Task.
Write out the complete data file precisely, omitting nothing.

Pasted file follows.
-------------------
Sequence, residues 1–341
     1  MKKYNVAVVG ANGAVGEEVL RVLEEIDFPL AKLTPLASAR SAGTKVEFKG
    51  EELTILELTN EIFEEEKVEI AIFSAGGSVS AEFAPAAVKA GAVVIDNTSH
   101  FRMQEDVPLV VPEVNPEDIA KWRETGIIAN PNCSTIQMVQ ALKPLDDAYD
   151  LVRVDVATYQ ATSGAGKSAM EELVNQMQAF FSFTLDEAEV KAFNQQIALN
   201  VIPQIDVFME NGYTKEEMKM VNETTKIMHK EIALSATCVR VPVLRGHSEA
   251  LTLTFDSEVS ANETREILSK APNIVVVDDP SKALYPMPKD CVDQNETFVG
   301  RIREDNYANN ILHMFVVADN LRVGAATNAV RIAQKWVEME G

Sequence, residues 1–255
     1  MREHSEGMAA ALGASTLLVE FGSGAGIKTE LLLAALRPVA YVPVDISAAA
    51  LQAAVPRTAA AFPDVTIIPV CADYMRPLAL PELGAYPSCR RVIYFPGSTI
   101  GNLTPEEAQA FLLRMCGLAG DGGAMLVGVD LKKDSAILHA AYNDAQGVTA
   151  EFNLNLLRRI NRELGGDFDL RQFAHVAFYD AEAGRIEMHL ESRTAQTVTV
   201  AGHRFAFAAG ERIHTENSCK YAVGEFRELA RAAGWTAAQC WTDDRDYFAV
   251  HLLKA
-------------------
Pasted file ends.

Sequence, residues 1–341
     1  MKKYNVAVVG ANGAVGEEVL RVLEEIDFPL AKLTPLASAR SAGTKVEFKG
    51  EELTILELTN EIFEEEKVEI AIFSAGGSVS AEFAPAAVKA GAVVIDNTSH
   101  FRMQEDVPLV VPEVNPEDIA KWRETGIIAN PNCSTIQMVQ ALKPLDDAYD
   151  LVRVDVATYQ ATSGAGKSAM EELVNQMQAF FSFTLDEAEV KAFNQQIALN
   201  VIPQIDVFME NGYTKEEMKM VNETTKIMHK EIALSATCVR VPVLRGHSEA
   251  LTLTFDSEVS ANETREILSK APNIVVVDDP SKALYPMPKD CVDQNETFVG
   301  RIREDNYANN ILHMFVVADN LRVGAATNAV RIAQKWVEME G

Sequence, residues 1–255
     1  MREHSEGMAA ALGASTLLVE FGSGAGIKTE LLLAALRPVA YVPVDISAAA
    51  LQAAVPRTAA AFPDVTIIPV CADYMRPLAL PELGAYPSCR RVIYFPGSTI
   101  GNLTPEEAQA FLLRMCGLAG DGGAMLVGVD LKKDSAILHA AYNDAQGVTA
   151  EFNLNLLRRI NRELGGDFDL RQFAHVAFYD AEAGRIEMHL ESRTAQTVTV
   201  AGHRFAFAAG ERIHTENSCK YAVGEFRELA RAAGWTAAQC WTDDRDYFAV
   251  HLLKA